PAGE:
, Volume 6, Issue 2, pp 148-154

The effect of energy restriction, walking, and exercise on lower extremity lean body mass in obese women with osteoarthritis of the knee

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Abstract

Two hundred and twenty-eight Japanese women, aged 45–69 years, with osteoarthritis of the knee (knee OA) and a body mass index of greater than 26.4 self-selected one of the following interventions: (1) a nonsteroidal anti-inflammatory drug (NSAID) alone (NA group; n = 52), (2) the NSAID with nonweight-bearing exercises (NE; n = 49), (3) the NSAID combined with walking (NW; n = 35), (4) an energy restriction diet plus the NSAID (ND; n = 29), (5) the diet combined with the NSAID and strengthening exercises (NDE; n = 37), or (6) the diet combined with the NSAID and walking (NDW; n = 26). Body weight and lower extremity lean body mass (L-LBM), assessed with segmental bioelectrical impedance, were measured at the outset and at 8 weeks in the six therapy groups. Interval changes in L-LBM and L-LBM per body weight (L-LBM/weight) were compared among the six groups at the conclusion. The Lequesne index can index of severity of osteoarthritis of the knee at the final assessment, compared with that at the initial assessment, was significantly decreased in the NE group, but not in the NW or the NA groups (P = 0.023). There was a significant increase in the L-LBM/weight in the NE group, but not in the NA or NW groups (P = 0.002 between NE and NA; P = 0.019 between NE and NW). There was a significant reduction in the Lequesne index in the NDE group in comparison with the ND and NDW groups (P = 0.0001 between NDE and ND; P = 0.0001 between NDE and NDW). There was a significant increase in L-LBM/weight in the NDE group, but not in the NDW or the ND groups (P = 0.011). Adjunctive therapy with nonweight-bearing lower extremity exercises appears to be more efficacious for prevention of lower extremity loss of muscle mass than adjunctive therapy with walking for obese women with knee OA.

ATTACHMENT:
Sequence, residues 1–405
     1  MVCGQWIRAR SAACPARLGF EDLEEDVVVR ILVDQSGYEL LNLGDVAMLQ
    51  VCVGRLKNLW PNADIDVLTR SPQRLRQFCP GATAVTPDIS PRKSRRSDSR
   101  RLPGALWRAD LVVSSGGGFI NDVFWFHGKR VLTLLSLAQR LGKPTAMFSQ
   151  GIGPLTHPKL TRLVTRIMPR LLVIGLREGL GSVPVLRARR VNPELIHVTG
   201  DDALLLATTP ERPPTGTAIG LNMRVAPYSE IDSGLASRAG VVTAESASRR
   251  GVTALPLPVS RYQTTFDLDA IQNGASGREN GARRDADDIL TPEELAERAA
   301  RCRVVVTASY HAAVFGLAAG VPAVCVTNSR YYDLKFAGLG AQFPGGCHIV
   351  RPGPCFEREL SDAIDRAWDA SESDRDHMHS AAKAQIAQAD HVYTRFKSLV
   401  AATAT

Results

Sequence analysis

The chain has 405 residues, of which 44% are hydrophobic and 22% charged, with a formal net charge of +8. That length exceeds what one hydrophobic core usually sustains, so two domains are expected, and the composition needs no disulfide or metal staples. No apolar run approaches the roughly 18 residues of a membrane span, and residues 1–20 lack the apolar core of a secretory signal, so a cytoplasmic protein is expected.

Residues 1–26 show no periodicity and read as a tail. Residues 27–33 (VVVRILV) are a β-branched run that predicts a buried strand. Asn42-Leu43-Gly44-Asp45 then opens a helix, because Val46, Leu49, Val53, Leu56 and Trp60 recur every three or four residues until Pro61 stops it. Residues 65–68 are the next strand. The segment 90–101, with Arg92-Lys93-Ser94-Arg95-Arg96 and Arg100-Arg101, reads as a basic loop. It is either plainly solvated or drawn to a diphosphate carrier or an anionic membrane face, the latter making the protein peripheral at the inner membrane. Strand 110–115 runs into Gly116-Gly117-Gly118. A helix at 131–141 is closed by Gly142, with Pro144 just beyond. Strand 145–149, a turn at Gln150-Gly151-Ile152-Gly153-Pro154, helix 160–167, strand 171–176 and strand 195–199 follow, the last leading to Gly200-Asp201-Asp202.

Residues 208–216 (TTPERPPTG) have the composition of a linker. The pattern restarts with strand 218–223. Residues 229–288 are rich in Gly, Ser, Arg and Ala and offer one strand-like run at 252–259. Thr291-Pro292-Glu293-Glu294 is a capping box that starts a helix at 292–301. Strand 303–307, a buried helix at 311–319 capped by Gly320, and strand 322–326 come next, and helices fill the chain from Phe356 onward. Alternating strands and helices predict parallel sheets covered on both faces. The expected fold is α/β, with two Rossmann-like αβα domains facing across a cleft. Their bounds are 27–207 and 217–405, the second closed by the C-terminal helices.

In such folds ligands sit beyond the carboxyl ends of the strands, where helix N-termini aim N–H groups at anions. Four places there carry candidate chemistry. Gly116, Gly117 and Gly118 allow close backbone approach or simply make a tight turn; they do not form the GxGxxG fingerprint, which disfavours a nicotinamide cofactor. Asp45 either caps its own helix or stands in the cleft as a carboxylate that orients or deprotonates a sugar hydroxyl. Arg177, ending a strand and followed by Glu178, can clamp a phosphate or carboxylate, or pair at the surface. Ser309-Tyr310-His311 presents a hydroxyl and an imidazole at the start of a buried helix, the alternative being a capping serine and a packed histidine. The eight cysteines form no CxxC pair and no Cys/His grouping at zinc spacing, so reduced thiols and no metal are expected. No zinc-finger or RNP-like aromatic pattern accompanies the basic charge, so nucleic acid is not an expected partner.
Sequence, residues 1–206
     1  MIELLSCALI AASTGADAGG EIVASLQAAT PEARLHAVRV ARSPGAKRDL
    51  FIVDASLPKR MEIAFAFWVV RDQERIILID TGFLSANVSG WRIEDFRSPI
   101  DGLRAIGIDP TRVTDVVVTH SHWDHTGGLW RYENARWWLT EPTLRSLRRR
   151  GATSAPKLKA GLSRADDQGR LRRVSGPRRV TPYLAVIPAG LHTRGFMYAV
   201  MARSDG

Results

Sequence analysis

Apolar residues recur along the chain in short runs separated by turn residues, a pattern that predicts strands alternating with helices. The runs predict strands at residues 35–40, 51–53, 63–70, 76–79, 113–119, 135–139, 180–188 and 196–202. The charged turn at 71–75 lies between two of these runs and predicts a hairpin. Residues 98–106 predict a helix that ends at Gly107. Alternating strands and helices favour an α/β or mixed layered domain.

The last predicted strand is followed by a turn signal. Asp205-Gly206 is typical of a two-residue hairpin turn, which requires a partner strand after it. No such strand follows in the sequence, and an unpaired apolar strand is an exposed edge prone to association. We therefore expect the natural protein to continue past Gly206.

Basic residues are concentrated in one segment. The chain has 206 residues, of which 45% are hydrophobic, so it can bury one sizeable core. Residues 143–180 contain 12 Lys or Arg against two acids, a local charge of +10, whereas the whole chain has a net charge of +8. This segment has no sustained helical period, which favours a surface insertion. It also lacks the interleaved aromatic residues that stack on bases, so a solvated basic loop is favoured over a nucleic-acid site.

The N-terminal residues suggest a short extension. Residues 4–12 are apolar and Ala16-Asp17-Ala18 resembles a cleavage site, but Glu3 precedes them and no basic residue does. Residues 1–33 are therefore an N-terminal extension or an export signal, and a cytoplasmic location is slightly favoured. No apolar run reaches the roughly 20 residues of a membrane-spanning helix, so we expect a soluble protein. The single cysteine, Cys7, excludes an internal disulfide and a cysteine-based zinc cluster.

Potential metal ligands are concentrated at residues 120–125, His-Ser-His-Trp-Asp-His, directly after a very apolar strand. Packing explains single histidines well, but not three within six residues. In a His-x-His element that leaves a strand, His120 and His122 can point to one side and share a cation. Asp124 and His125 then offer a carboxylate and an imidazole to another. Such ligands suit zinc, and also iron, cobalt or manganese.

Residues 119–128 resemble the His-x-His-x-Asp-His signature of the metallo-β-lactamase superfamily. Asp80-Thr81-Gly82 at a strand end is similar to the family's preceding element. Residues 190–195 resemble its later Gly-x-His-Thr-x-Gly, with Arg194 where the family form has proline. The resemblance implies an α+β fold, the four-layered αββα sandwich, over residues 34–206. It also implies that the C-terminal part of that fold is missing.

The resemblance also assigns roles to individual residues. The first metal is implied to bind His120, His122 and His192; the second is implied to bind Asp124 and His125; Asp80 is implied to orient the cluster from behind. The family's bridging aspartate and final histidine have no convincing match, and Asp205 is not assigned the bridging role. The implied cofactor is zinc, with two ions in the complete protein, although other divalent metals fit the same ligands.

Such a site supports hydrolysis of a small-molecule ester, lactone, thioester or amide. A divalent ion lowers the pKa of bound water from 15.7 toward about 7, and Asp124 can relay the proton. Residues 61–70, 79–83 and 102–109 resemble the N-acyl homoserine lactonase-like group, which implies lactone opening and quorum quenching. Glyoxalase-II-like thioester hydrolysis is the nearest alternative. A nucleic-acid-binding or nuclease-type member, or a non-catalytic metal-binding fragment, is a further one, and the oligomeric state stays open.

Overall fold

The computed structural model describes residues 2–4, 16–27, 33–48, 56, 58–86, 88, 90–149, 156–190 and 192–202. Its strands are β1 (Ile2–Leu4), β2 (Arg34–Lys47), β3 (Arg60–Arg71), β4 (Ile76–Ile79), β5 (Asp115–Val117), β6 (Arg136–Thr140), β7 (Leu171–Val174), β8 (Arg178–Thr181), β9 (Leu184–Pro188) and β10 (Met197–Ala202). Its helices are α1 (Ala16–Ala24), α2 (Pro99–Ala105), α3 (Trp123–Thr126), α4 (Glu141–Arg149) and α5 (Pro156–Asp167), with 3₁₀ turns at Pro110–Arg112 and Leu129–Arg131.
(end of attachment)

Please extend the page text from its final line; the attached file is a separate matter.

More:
Received: August 10, 2000 / Accepted: November 29, 2000